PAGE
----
Kubeadm is a tool used to build Kubernetes (K8s) clusters. Kubeadm performs the actions necessary to get a minimum viable cluster up and running quickly. By design, it cares only about bootstrapping, not about provisioning machines (underlying worker and master nodes). Kubeadm also serves as a building block for higher-level and more tailored tooling.
Common use cases for Kubeadm include testing, creating baselines for more advanced K8s deployments, and providing new K8s users a simple starting point for cluster configuration. The specific features that make kubeadm useful in those applications are:
Quick minimum viable cluster creation
Kubeadm is designed to have all the components you need in one place in one cluster regardless of where you are running them.
Kubeadm can be used to set up a cluster anywhere whether it's your laptop, a Raspberry Pi, or public cloud infrastructure.
As Kubeadm creates clusters with minimal dependencies and quickly, it's an ideal candidate for creating disposable clusters on local machines for development and testing needs.
Building block for other tools
Kubeadm is not just a K8s installer. It also serves as a building block for other tools like Kubespray.
Kubeadm vs kOps vs Kubespray
Of course, kubeadm isn’t the only tool available to deploy a K8s cluster. kOps and Kubespray are two popular tools for the same general use case. However, each tool offers different functionality that makes them ideal for different applications. Before we dive into how to create the Kubeadm cluster, let's take a closer look at how it stacks up to the alternatives.
As we can see, Kubeadm is a more lightweight tool that doesn’t attempt to do everything kOps or Kubespray can. This is consistent with its focus on minimum viable clusters.
The Problems kubeadm Solves
With more robust tools available, why use kubeadm? In simple terms: because it reduces complexity and makes it easy to get a usable K8s cluster deployed.
Provisioning a Kubernetes cluster with other tools takes time, server resources, and expertise. Kubeadm is easy to get started with and lightweight enough to be used on local machines. As a result, many developers and testers prefer kubeadm for cases that require the fast deployment of a cluster with minimal resources.
How to Create a Kubernetes Cluster with kubeadm
Now that we know what kubeadm is, let’s walk through how to use it to create a Kubernetes cluster. In this example, we will create a 3 node cluster with 1 master node and 2 worker nodes.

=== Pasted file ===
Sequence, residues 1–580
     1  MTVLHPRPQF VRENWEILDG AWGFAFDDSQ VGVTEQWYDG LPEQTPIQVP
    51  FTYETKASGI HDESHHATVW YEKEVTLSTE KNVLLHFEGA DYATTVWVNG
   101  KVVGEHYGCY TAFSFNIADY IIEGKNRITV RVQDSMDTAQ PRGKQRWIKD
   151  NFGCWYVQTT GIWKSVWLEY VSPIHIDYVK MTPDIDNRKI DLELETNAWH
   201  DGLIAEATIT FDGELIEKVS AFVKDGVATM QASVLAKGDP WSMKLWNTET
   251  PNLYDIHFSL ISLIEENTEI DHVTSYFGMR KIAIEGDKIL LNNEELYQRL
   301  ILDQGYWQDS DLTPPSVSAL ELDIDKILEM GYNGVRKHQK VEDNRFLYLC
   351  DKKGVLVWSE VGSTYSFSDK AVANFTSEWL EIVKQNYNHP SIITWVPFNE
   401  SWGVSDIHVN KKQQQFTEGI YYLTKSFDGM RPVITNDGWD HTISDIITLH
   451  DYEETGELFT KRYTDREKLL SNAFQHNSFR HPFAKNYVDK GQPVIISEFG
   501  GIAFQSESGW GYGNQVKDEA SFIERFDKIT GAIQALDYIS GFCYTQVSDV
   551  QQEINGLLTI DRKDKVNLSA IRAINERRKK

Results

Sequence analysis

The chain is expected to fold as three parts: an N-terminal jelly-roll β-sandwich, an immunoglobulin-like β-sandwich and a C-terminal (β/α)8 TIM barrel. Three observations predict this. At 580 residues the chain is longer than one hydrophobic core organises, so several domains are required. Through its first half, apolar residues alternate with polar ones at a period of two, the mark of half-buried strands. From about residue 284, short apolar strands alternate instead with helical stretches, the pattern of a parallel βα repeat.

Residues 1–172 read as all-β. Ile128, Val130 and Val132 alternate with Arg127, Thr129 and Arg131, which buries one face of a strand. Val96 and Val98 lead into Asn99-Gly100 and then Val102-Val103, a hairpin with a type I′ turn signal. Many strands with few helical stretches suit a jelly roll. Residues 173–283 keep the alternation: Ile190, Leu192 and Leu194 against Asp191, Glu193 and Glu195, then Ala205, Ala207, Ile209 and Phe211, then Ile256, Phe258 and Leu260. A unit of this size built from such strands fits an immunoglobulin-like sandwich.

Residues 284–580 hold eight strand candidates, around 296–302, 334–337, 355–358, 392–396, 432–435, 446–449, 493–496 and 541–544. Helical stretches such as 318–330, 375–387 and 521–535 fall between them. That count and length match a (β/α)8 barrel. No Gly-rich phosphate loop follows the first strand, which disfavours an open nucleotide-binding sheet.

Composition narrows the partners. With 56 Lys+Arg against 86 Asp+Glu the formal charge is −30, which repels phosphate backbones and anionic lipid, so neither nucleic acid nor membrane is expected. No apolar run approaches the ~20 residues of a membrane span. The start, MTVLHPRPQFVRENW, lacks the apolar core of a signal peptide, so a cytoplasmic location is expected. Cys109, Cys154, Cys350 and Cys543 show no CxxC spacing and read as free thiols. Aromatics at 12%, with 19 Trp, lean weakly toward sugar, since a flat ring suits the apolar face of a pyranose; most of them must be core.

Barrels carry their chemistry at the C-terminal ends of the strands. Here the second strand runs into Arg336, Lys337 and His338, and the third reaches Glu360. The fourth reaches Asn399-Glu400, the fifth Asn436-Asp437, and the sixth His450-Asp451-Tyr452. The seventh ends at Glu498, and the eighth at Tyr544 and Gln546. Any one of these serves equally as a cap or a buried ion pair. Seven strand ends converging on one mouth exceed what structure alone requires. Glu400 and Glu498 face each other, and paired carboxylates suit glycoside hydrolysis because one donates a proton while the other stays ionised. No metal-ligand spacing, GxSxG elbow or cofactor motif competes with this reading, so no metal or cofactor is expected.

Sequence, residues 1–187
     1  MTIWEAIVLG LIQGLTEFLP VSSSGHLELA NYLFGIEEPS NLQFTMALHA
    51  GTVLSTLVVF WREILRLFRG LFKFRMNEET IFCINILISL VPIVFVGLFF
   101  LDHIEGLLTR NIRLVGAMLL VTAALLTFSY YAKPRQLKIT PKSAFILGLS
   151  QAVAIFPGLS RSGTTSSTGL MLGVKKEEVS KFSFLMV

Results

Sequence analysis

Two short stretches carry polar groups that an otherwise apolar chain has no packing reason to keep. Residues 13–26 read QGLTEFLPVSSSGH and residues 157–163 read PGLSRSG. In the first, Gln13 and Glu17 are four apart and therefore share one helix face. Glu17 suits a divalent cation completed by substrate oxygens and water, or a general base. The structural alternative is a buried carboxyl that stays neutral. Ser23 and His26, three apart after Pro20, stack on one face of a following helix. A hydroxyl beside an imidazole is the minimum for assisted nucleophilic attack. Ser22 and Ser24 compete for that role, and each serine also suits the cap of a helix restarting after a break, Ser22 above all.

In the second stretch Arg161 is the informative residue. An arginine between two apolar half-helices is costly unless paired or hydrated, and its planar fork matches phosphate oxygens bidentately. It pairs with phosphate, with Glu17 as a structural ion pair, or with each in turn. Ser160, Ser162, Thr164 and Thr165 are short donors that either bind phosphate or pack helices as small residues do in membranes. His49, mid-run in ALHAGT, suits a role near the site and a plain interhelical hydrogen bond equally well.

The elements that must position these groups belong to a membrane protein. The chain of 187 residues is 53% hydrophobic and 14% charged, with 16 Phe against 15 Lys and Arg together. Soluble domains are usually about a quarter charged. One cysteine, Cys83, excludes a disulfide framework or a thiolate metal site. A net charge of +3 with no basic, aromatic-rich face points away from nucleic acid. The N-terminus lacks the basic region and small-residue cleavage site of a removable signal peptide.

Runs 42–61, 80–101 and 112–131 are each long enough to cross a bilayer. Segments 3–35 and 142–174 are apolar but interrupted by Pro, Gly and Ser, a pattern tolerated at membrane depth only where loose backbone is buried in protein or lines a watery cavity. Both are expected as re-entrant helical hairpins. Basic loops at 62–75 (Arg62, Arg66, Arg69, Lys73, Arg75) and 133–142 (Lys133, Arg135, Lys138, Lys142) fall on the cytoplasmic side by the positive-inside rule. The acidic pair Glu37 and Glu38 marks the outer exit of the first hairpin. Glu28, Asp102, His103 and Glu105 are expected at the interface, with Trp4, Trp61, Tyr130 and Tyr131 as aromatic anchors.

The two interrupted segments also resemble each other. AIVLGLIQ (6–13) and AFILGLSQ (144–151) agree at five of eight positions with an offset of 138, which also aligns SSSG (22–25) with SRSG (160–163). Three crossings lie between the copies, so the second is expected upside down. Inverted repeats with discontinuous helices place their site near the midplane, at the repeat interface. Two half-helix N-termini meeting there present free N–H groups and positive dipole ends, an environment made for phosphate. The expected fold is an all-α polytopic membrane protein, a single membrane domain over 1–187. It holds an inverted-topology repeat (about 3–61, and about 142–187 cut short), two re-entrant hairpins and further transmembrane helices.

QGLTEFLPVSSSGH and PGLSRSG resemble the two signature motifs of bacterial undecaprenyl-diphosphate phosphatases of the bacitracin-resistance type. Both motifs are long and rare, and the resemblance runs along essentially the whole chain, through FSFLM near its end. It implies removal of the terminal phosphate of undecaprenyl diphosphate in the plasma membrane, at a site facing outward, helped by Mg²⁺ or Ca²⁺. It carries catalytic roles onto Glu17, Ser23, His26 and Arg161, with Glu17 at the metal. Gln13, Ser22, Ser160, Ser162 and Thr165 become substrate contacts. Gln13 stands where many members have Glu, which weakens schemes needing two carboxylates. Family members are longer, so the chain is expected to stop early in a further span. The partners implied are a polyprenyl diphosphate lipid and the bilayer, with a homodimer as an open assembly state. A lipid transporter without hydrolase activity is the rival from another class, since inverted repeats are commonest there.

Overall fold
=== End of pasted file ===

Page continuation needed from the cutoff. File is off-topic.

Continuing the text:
1. Install Docker on All Three Nodes
Since kubeadm does not create infrastructure, as a prerequisite we need to provision 3 machines that will form the cluster.
2. Install kubeadm, kubelet, & kubectl on All Three Nodes
3. Initiate Cluster Setup on the Master Node
First, we’ll initialize the control plane node and specify a network range for the pods using CIDR notation: Note: This command prints very important information which will be used later by worker nodes to join the master and form a cluster. The output should look something like this:
Next, we’ll configure the kubeconfig file:
Run the kubectl version command on the Kube master node to verify it is up and running:
Next, we’ll check the nodes in the cluster with kubectl get nodes. At this point there should be only 1 node (the master node). Here’s an example of the expected output (don’t worry about the “NotReady” status, we’ll get to that soon!):
4. Add the Two Worker Nodes to the Cluster
With the master node created, we can add our worker nodes to the cluster.
Use kubeadm join command on both worker nodes:
After running join command on both the worker nodes, go to master nodes and run the kubectl get nodes command to verify that worker nodes have joined the cluster:
We can see the nodes have joined the cluster. Now let's take care of that NotReady status...
5. Set up Networking for the Cluster
Once the worker nodes are in the cluster, we need to configure the network settings.
Turn on iptables bridge calls on all three nodes:
Next, run this command on only the Kube master node:
Wait a few seconds run kubectl get nodes and all the nodes should have a “Ready” status:
That’s it! We now have a working K8s cluster!
Kubeadm Best Practices
Kubeadm is a great tool when used for its intended applications. Here are three best practices to keep in mind to ensure you’re using the right tool for the job and getting the most out of kubeadm.
Don’t use kubeadm for production clusters that require autoscaling: Generally, kubeadm should not be used for production clusters because it does not come with node autoscaling/cluster autoscaling functionality. This is because node autoscaling requires managing underlying infrastructure and hardware, which kubeadm leaves to other tools.
Take frequent backups of etcd: By default, kubeadm does not have a multi-etcd cluster for storing cluster state. Be sure to take regular backups of etcd in case a failure occurs.
Keep track of machines/nodes: Kubeadm can not turn machines off when they are not in use. As a result, you’ll need to use an external solution to track worker nodes and their resource utilization to cluster optimize cost and efficiency.
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